The three major concerns of macroeconomics are employment, inflation, and national output...Macroeconomics is a branch of economics that studies general economic factors and large-scale events to predict economic behavior and decision-making. The three major concerns of macroeconomics are employment, inflation, and national output...

Getting Started with Forex Economics

Macroeconomics studies behavior of the economy as a whole...Macroeconomics is a branch of economics that studies general economic factors and large-scale events to predict economic behavior and decision-making of the economy as a whole. The three major concerns of Macroeconomics are employment, inflation, and National output.

 

General Factors Affecting Exchange Rates

Similar to any other financial price, the price of an exchange rate is determined by the forces of demand and supply. The price of an exchange rate reflects many economic and non-economic factors. The most important factors are interest rates, inflation, growth, employment, and political risk.

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Five (5) Traditional Exchange Rate Theories

The traditional exchange rate models seek the identification of an equilibrium between two economies to calculate the fair value of the exchange rate. Equilibrium is based on the relative valuation of an identical commodity, relative inflation, the relative level of real interest rates, etc.

Modern Monetary Theory (MMT)

macroeconomicsModern Monetary Theory or Modern Money Theory (MMT)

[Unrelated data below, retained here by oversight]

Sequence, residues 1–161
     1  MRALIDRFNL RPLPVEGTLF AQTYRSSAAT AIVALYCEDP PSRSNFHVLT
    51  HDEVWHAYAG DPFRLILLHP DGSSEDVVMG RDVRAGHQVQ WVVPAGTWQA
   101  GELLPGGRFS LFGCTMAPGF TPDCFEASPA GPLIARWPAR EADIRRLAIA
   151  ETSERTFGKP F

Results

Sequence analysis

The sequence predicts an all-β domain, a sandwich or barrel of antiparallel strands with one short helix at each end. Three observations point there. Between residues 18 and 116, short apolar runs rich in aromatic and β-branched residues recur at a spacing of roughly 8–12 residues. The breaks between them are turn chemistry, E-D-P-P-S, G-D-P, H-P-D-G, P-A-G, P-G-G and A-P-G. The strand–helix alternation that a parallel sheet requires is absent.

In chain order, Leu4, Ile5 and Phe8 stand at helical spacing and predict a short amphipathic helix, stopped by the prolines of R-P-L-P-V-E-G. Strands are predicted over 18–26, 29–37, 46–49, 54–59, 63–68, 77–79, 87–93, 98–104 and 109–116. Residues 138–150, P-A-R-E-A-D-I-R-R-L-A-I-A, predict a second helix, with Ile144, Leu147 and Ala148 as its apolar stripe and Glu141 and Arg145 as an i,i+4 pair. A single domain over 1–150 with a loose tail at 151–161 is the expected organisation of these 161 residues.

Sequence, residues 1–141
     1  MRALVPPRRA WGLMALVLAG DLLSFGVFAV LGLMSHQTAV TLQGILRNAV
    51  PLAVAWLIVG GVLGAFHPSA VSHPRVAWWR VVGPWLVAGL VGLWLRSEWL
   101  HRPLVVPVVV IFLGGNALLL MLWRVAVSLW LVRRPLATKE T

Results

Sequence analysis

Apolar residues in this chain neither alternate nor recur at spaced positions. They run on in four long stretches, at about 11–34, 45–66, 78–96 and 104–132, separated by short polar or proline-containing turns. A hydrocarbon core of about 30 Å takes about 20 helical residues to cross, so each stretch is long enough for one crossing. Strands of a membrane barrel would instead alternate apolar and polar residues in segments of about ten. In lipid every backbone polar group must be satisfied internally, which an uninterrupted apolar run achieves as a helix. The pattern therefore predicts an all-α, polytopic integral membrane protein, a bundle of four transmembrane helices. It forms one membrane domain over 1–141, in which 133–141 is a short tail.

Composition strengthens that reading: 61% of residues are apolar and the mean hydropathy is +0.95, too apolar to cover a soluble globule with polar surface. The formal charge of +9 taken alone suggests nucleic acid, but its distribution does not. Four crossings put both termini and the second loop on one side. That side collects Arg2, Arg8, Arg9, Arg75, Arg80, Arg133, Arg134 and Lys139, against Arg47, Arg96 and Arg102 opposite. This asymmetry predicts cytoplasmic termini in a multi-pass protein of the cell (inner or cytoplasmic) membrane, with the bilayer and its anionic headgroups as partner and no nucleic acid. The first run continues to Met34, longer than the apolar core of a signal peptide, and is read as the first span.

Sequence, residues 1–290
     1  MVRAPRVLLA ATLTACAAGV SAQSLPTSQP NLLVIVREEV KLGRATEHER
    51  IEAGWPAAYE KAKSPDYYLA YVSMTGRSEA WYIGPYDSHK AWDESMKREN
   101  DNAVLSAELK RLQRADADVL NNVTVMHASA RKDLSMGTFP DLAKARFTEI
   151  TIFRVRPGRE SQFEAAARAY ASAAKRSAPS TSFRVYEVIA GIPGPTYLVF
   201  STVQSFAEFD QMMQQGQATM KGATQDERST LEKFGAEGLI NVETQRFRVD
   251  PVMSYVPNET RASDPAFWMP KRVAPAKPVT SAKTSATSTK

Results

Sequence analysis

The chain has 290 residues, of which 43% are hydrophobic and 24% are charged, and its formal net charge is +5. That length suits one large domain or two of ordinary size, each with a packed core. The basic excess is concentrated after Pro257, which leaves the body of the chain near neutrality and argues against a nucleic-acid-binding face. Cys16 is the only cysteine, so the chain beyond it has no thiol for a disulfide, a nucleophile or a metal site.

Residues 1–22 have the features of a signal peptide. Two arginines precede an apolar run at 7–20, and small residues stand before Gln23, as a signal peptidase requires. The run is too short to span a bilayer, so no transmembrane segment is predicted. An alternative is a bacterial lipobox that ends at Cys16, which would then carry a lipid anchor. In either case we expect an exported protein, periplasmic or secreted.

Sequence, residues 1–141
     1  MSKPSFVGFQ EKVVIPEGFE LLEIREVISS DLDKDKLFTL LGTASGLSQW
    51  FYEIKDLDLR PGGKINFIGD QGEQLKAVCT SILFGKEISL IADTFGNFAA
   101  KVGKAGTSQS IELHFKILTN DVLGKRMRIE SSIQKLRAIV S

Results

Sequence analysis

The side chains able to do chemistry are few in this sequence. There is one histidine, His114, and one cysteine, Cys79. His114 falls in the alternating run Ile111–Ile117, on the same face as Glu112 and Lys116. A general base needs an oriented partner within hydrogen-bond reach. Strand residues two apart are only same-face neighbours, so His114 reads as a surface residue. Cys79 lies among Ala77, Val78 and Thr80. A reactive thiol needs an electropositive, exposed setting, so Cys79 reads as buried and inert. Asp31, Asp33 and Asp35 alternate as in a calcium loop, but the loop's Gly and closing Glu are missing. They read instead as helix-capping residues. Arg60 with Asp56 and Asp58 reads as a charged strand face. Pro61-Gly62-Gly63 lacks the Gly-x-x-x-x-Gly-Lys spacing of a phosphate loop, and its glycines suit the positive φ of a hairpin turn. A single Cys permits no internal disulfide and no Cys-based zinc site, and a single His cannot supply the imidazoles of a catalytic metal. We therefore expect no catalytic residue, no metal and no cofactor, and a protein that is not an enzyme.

The Modern Monetary Theory is an alternative to the traditional macroeconomic theory. Generally, MMT suggests that there is no limit to the quantity of money that can be created by a central bank. The only limit comes from the impact of inflation. In short, MMT suggests that countries and governments controlling reserve currencies can borrow and spend as much as they need to achieve employment, and later, create more currency to repay their debt.

 

MMT Economists are focused on fiscal policies

According to MMT, governments can create new money through their fiscal policy. The government’s fiscal policy is focused on budgeting and includes:

  • Taxation

  • Government spending, and

  • Transfer payments

Key Exchange Rate Theories

Five Traditional Exchange Rate Theories...Five Traditional Exchange Rate Theories

 

The traditional exchange rate models seek the identification of an equilibrium between two economies to calculate the fair value of the exchange rate. An equilibrium is based on the relative valuation of an identical commodity, relative inflation, relative level of real interest rates, etc.

These are the key exchange rate models and the relative pricing method they use:

 

1. Purchasing Power Parity (PPP) → Relative pricing of goods

The Purchasing Power Parity (PPP) model or else the “law of one price” estimates the adjustment needed on the exchange rate between countries for the exchange to be equivalent to each currency's purchasing power.

Purchasing Power Parity (PPP)

1. PURCHASING POWER PARITY (PPP)

 

The Purchasing Power Parity (PPP) model or else the “law of one price” estimates the adjustment needed on the exchange rate between countries for the exchange to be equivalent to each currency's purchasing power.